If you want to stay married to this man, I think that couples counseling is in order. If he won't go, then you need to go to therapy by yourself. You are not going to become more conventionally attractive with age. If he can't see the beauty of who you are as a complete human being, this a problem that isn't going to get better by itself.
posted by FencingGal at 7:21 AM on February 20, 2016 [70 favorites]

Very similar questions discussed in a recent Dear Sugar podcast called "The Weight of Love" which I thought was really enlightening. It's always great to want your spouse to be in good health and feel comfortable in his/her own skin, but he is really missing the mark here if that's what he's trying to communicate. You sound wonderful!
posted by belau at 7:26 AM on February 20, 2016 [6 favorites]

See, me, I would be really turned off by an insensitive jerk, which is what your husband was for telling you that nonsense. You have kids and you need to make it work but, don't put this all on you. He needs to grow up a little. You have the right to be angry with him for making you feel anything less than absolutely desirable in the body that created his two children. Get mad, express your anger, and then let it go. Everyone says stupid things from time to time.

Sexual frustration can cause women to gain weight. It changes our hormones and our emotions, both of which affect our eating. If he mentions your weight again, share this little fact with him, in a gentle way, and ask him if he wants to work for the solution. And then smile sweetly.
posted by myselfasme at 7:32 AM on February 20, 2016 [6 favorites]

This isn't something you need to move past, it's something you both need to deal with via therapy. His repeated insults—and that's what they are—are a sign of contempt, the most deadly thing for a relationship. If he won't go to couples counseling that's a bad sign, but you should see someone by yourself to get some perspective on this.
posted by Johnny Wallflower at 7:52 AM on February 20, 2016 [23 favorites]

This has been a dynamic for fifteen years, not a recent change. You've noticed a shift in the past year with overt statements, and I'd bet more is going on - the transition of your kids from toddlerhood to school, shifts in your own work lives etc. You can start seeing a couple therapist by yourself if he refuses to go, and get some help seeing the bigger picture and figuring out what you can change and decide, and what is in his area to change and decide.

Moving past this isn't just accepting and letting go of it. That can be done healthily and with love, but it means looking deeply and honestly at the painful truth first and then choosing to let go of it. Just shoving it down out of sight means the pain festers longer and grows.

In the end, if this is something you have to do alone because your husband won't change or contribute to helping resolve this issue, then your marriage as a partnership is broken and you have a whole other path to figure out. Otherwise, your question is how do you start a conversation about changing a relationship dynamic that hurts you with someone who isn't responding, and it's mostly by loudly and repeatedly saying that it hurts and going to a therapist and making their responding a deal breaker.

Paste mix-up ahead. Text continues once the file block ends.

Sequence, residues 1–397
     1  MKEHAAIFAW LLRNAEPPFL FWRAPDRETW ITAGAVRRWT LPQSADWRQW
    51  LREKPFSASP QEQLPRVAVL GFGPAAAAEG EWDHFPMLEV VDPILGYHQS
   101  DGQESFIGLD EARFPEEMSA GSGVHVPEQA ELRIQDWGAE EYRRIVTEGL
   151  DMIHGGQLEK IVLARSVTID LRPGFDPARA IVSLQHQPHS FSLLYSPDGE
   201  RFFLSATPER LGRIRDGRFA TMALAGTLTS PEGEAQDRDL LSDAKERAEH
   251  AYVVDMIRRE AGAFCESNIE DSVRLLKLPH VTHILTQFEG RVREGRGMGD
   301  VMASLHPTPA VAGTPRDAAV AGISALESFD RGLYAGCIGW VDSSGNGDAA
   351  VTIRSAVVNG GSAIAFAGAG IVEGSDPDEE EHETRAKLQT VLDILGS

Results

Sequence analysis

posted by dorothyisunderwood at 8:44 AM on February 20, 2016 [5 favorites]

I was in a relationship similar to this. While he never said he wasn't attracted to me, he would almost never initiate sex, and when we did have sex, it was very often not good. The underlying issue here is that you want to feel desired, and it sounds like you haven't felt that way for 15 years (!)

I would recommend you find a couples therapist--I found that I responded very well to one that worked according to the attachment theory, but you'll have to figure that out for yourself. Your husband's behavior is hurtful to you--maybe he intends it to be, maybe he doesn't--but if he loves you, he should want to figure out a solution, whatever that solution is.
posted by Automocar at 9:14 AM on February 20, 2016 [3 favorites]

several times over the past few years, my husband has told me that he is not attracted to my body.

Has he specifically cited your weight as the reason for this? I agree that it is totally unreasonable to expect that your partner will not gain some weight as they age. However, in a healthy long term relationship I think it is also each person's responsibility to make some effort at maintaining a level of attractiveness if they want their partner to remain attracted to them.

Because as the sex is still good, it sounds like you both do still love and respect each other. Is it possible that once a year he has gotten up the gall to try to talk to you about losing weight? How did he lose weight in this time period - was he perhaps trying to get you both on board?

I mean this with NO disrespect intended toward you. I'm just thinking that your husband's words might not be coming from a hateful place.
posted by pintapicasso at 10:39 AM on February 20, 2016 [6 favorites]

if your husband is trying to encourage you to lose weight by saying he's not attracted to you, not only is he cruel, he lacks imagination. you can get over this by finding a partner who will remain attracted to you as you change and age. this isn't asking too much from a relationship.
posted by nadawi at 11:12 AM on February 20, 2016 [7 favorites]

Does he literally say he's not attracted to your body? Tell him he can't say that to you. You are a whole lot more than your body and his respect for you needs to override any thoughts of insulting your figure. Nthing you should tell him he needs to initiate sex or scheduling sex in a way that works for you. And not saying this stuff.